Bad news for those hoping to enjoy an outdoor market lunch today.Unfortunately due to the rain, today’s farmers market has been cancelled. The market will resume next Thursday in Jubilee Court as usual.
Want the best of The Telegraph direct to your email and WhatsApp? Sign up to our free twice-daily Front Page newsletter and new audio briefings. “The Biami understood nothing. We had to rely entirely on such gestures as we had in common. And it turned out that there were many of them. We smiled – and the Biami smiled back.” Sir David goes onto say that such an expression “has not been entirely learned from our parents” nor our social surroundings, but is part of our “built-in repertoire of gestures” and is understood by all walks of life all over the world.The simple and universal communication tool allowed Sir David to build trust with the tribesmen, he reveals, and it was not long before their relationship headed in a profitable direction.“We began to trade”, Sir David writes. “Pointing at an object, touching fingers to indicate numbers, nodding our head in agreement, all these gestures were unambiguous. We all used our eyebrows a great deal.”Eyebrows are not just there to keep sweat from running into our eyes, Sir David believes, but that their main function “must surely be as signalling devices.”“The Biami drew their eyebrows together to express disapproval. When they accompanied this by shaking the head, they made it unequivocally clear that they did not want the beads that we offered”, he writes. They were one of the most secluded tribes in the world, hidden deep within the forested mountains of Papua New Guinea and cut off from mankind.So when Sir David Attenborough encountered the Biami tribe in 1967, he relied on one “universal and deep-seated” human gesture to communicate with them – a smile.Recollecting the encounter in his new book ‘Life on Earth’, Sir David describes the moment he first met the tribesmen after a two week long trek through the muddy, isolated terrain.Despite their lack of a common cultural ground, he was able to communicate with them through mannerisms that are “deeply embedded in us” and “an inheritance of our evolutionary past”.Sir David writes: “After we had been marching through the mountains for two weeks, drenched by daily rains, living entirely on the food we carried with us, we found footprints. Two people were ahead of us and travelling fast. We followed them.“One morning, we awoke to find seven men standing in the bush within a few metres of our tent. They were very small, and naked but for cane wrapped around their waist with sprigs of green leaves thrust through it in the front and at the back.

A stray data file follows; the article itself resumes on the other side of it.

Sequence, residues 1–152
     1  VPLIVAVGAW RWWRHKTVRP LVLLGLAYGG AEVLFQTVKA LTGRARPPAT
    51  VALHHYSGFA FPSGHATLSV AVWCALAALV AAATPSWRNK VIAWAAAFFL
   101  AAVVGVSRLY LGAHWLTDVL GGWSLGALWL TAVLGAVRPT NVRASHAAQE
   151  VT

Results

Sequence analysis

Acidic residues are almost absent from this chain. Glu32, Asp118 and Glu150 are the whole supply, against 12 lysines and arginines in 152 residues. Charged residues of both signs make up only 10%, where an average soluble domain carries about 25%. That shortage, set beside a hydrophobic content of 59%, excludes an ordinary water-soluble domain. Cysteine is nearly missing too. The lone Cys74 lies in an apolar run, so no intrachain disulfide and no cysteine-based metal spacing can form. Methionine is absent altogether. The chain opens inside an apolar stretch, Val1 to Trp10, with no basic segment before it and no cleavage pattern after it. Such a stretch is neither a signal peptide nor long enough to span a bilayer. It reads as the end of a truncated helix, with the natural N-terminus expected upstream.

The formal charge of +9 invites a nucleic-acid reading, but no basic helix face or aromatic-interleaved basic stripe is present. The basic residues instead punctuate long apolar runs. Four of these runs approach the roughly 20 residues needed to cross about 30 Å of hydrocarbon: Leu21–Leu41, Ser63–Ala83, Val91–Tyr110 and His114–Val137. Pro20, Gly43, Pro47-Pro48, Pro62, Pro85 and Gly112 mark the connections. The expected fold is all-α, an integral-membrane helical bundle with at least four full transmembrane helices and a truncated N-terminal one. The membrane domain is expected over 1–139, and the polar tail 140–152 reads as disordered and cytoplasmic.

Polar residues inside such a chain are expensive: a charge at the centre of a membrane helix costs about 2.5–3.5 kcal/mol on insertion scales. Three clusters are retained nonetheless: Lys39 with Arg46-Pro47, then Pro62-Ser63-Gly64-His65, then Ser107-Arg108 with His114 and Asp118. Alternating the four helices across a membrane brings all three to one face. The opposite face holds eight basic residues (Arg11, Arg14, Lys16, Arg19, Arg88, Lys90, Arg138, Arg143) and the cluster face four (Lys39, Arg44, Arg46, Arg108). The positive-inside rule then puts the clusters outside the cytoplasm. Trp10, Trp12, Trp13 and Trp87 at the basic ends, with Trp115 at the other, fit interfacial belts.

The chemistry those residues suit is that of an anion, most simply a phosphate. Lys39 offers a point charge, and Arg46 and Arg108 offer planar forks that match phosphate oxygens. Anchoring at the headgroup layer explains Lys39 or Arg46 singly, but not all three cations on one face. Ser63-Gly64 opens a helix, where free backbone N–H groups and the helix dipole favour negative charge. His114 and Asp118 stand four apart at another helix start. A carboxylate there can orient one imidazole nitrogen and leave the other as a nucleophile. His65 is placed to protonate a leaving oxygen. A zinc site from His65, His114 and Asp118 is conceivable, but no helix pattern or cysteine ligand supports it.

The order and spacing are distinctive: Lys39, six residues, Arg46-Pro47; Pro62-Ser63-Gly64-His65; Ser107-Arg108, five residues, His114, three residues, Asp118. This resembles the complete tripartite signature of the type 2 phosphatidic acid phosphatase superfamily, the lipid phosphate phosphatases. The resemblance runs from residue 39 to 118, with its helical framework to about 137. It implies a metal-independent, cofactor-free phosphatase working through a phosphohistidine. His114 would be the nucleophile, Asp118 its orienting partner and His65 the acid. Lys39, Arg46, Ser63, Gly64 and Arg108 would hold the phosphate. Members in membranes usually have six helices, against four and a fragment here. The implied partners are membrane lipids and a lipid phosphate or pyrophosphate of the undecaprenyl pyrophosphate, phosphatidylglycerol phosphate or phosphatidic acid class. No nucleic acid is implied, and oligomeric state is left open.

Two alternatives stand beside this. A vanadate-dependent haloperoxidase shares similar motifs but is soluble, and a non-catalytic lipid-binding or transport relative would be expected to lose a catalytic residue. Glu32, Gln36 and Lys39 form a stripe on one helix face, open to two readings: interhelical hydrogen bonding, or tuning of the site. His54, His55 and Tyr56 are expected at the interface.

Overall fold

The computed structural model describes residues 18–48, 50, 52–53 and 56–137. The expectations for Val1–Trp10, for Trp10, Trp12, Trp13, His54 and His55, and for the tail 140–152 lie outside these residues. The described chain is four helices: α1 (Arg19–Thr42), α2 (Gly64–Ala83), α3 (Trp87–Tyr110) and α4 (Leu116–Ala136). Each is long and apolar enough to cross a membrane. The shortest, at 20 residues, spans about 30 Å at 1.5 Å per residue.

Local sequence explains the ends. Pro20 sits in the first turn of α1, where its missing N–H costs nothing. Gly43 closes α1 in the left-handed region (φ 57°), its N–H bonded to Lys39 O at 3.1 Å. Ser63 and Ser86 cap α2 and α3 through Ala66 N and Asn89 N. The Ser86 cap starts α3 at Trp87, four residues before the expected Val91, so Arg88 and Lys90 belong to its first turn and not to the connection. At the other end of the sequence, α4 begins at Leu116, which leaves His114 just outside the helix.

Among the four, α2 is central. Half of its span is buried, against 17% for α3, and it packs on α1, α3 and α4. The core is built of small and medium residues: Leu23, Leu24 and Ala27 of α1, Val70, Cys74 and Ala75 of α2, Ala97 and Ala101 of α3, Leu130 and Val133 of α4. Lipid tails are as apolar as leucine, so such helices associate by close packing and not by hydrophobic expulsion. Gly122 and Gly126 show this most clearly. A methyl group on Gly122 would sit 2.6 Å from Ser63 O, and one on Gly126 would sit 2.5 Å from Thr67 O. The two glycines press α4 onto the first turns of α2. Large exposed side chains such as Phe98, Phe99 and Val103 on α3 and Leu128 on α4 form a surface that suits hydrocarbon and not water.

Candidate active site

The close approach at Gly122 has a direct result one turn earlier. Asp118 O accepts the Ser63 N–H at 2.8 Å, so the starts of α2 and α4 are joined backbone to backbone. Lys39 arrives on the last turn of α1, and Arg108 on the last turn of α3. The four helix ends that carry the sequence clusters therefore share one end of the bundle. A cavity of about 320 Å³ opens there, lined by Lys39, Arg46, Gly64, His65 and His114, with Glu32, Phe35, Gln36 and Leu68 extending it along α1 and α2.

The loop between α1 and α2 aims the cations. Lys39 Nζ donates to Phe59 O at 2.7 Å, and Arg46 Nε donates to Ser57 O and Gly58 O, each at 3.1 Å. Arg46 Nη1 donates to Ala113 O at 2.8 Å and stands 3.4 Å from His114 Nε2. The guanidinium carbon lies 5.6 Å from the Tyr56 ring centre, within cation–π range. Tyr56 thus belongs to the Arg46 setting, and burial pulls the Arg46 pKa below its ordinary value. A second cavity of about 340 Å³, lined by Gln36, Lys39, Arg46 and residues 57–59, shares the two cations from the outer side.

TEMPERS WERE FRAYING in Ballymount late last night as Fine Gael’s Bernard Durkan refused to sacrifice the couch on the ‘Vincent Browne’ panel.We can count at least five ‘please shut ups’ from Vincent, preceded by as many as ten forlorn shouts of ‘stop’ as the Kildare North Deputy persists in attacking Independent Mattie McGrath over the Alan Shatter checkpoint controversy.After about two minutes, the exasperated host loses focus to such a degree he even begins shouting at the wrong politician – as the Irish Independent’s Fionnan Sheahan looks on bemusedly throughout.(Video: Mark Moloney/YouTube) One stray observation: The name ‘Ballymagash’ – bandied about by both Durkan and McGrath in this clip – is a reference to a 1980s satirical comedy presented by Frank Hall. The term would later become a byword for ‘parish-pump’ politics.Read: Shatter: ‘Do I think it was a mistake not to mention the incident surrounding Deputy Wallace? …Of course I do’ >Read: Twitter campaign to get Vincent Browne Song to #1 for charity >